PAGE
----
Highly sensitive data detailing almost every aspect of the combat capability of India’s Scorpene-class submarine+ , “the most lethal conventional submarine ever contemplated”, has been leaked, the newspaper The Australian reported on Wednesday.
Defence Minister Manohar Parrikar has sought a report from the navy on the alleged leak of sensitive data on India’s Scorpene submarines, as part of the larger expose pertaining to some 22,000 documents of its French designer, DCNS.
“The first step is to identify if it relates to us,” Parrikar told reporters, referring to the documents that purportedly reveal details on the sub’s underwater and above water sensors, as also combat management, torpedo launch, navigation and communications systems.
“The Navy Chief (Admiral Sunil Lanba) has been asked to analyse what exactly has been leaked,” the minister said, adding his first assessment was that it was an act of hacking and not a 100-per cent leak. “We do have our final integration and all that,” he said.
“What I can understand — because it came to my knowledge around 12 am — is there is a hacking. So we will find out all these aspects,” he said. “I’ve told the navy chief to find out all the details. Mayby, in a couple of days I’ll be able share with you.”
The Australian media reports, quoting DCNS, said that the leak of such technical data could not happen with its proposed submarine for Australia. The French company also alluded that the leak may have occurred at India’s end, rather than from France.
“Uncontrolled technical data is not possible in the Australian Arrangements,” the company said as per a report in The Australian. “Multiple and independent controls exist within DCNS to prevent unauthorised access to data and all data movements are encrypted and recorded,” it said.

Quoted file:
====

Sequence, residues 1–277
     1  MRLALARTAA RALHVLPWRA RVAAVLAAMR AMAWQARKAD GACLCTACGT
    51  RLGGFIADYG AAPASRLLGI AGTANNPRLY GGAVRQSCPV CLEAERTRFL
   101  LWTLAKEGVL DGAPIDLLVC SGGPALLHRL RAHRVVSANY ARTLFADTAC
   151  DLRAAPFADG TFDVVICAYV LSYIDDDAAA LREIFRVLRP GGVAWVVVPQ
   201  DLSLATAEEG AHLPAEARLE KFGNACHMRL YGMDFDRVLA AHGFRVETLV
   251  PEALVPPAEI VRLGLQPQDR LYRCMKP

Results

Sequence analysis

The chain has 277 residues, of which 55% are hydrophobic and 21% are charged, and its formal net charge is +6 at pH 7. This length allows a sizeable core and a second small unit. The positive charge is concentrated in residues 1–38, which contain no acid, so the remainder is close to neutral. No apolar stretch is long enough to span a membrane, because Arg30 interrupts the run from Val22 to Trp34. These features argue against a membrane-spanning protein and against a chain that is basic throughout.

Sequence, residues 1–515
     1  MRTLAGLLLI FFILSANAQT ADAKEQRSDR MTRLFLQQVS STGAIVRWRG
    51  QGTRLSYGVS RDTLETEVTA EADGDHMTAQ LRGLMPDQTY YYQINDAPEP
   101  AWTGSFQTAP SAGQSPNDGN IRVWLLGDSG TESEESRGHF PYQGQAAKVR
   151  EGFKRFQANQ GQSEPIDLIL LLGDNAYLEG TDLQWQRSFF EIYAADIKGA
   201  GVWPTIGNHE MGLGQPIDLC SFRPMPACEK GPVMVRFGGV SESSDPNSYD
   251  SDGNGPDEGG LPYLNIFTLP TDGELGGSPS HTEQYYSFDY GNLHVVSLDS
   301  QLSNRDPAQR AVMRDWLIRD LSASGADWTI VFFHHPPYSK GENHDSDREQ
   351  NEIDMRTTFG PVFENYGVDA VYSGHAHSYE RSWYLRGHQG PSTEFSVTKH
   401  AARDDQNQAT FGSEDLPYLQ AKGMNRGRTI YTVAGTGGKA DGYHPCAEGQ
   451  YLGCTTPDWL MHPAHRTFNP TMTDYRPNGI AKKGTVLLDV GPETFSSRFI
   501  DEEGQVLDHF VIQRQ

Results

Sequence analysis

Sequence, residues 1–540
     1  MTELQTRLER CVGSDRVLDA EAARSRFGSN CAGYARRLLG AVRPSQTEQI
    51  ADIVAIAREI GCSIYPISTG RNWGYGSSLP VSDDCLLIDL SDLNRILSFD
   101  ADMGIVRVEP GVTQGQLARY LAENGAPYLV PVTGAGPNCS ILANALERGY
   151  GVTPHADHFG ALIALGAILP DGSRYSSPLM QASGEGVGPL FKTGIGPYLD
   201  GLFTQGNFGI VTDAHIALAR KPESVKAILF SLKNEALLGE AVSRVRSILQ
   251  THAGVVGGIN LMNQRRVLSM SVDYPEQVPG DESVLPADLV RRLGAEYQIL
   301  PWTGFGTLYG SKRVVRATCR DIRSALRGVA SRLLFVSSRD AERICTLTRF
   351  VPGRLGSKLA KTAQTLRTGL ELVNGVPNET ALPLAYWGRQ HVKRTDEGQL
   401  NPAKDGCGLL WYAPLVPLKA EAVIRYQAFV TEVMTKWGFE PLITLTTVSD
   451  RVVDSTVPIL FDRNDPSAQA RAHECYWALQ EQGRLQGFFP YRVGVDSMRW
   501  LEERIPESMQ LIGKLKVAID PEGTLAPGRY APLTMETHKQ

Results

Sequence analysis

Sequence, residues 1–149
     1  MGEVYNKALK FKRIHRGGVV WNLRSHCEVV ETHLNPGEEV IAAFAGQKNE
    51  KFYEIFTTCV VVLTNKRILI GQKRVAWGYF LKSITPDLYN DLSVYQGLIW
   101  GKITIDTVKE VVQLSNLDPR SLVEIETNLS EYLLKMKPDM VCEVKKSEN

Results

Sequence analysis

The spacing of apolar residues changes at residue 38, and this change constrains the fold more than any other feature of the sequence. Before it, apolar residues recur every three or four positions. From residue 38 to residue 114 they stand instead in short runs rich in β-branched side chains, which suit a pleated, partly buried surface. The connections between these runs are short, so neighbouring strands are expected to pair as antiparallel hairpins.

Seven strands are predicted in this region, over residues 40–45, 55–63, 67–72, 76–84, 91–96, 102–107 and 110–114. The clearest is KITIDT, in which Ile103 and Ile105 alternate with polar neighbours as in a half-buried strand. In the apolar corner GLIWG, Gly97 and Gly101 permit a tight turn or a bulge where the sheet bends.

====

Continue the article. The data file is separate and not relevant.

“In the case of India, where a DCNS design is built by a local company, DCNS is the provider and not the controller of technical data.”
The first of the Scorpene class submarines being built in India, INS Kalvari, went for sea trials in May, 2016 and is expected to be inducted in the Indian Navy soon. Variants of Scorpene submarines are also used by Malaysia and Chile, with Brazil to join the club soon.
Major strategic problem
The breadth of detail in the documents creates a major strategic problem for India, Malaysia and Chile, all of which operate the same submarine, an Australian political source with decades of experience in the global arms industry told Reuters.
Excerpts published in redacted form on the newspaper’s website contained highly sensitive details of the submarine including technical manuals and models of the boat’s antennae.
“If it’s 22,400 pages, it’s a major stuff-up,” the source said. “It’s a huge deal.
“It allows them to understand everything about the submarines. What speeds it can do; how noisy it is; what speeds the mast can be raised at … all of that is just devastating.”
The defence ministry said it was probing the impact of the leak on the submarine programme which it said had occurred from abroad. It gave no detail.
“The available information is being examined at integrated headquarters, ministry of defence (Navy) and an analysis is being carried out by the concerned specialists,” it said in a statement.
“It appears that the source of leak is from overseas and not in India.”
(With Agency Inputs)